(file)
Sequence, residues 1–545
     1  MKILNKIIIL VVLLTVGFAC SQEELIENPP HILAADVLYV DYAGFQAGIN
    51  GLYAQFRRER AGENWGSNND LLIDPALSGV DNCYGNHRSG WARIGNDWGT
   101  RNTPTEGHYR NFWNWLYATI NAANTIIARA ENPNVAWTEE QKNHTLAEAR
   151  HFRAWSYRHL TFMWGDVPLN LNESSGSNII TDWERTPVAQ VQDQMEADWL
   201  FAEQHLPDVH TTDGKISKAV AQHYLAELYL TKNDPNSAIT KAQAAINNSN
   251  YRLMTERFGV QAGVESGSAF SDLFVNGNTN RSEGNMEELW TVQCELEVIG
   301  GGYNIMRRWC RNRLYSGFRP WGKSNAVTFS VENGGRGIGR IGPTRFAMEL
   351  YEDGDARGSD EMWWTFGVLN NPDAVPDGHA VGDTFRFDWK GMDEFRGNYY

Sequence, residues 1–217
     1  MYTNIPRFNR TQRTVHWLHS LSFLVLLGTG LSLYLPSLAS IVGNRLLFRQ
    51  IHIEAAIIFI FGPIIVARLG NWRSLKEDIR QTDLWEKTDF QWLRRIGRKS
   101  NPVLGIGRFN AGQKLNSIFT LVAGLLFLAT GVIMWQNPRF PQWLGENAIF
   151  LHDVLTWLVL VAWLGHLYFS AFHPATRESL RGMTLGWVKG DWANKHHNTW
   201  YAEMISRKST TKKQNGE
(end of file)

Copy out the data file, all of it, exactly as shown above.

Sequence, residues 1–545
     1  MKILNKIIIL VVLLTVGFAC SQEELIENPP HILAADVLYV DYAGFQAGIN
    51  GLYAQFRRER AGENWGSNND LLIDPALSGV DNCYGNHRSG WARIGNDWGT
   101  RNTPTEGHYR NFWNWLYATI NAANTIIARA ENPNVAWTEE QKNHTLAEAR
   151  HFRAWSYRHL TFMWGDVPLN LNESSGSNII TDWERTPVAQ VQDQMEADWL
   201  FAEQHLPDVH TTDGKISKAV AQHYLAELYL TKNDPNSAIT KAQAAINNSN
   251  YRLMTERFGV QAGVESGSAF SDLFVNGNTN RSEGNMEELW TVQCELEVIG
   301  GGYNIMRRWC RNRLYSGFRP WGKSNAVTFS VENGGRGIGR IGPTRFAMEL
   351  YEDGDARGSD EMWWTFGVLN NPDAVPDGHA VGDTFRFDWK GMDEFRGNYY

Sequence, residues 1–217
     1  MYTNIPRFNR TQRTVHWLHS LSFLVLLGTG LSLYLPSLAS IVGNRLLFRQ
    51  IHIEAAIIFI FGPIIVARLG NWRSLKEDIR QTDLWEKTDF QWLRRIGRKS
   101  NPVLGIGRFN AGQKLNSIFT LVAGLLFLAT GVIMWQNPRF PQWLGENAIF
   151  LHDVLTWLVL VAWLGHLYFS AFHPATRESL RGMTLGWVKG DWANKHHNTW
   201  YAEMISRKST TKKQNGE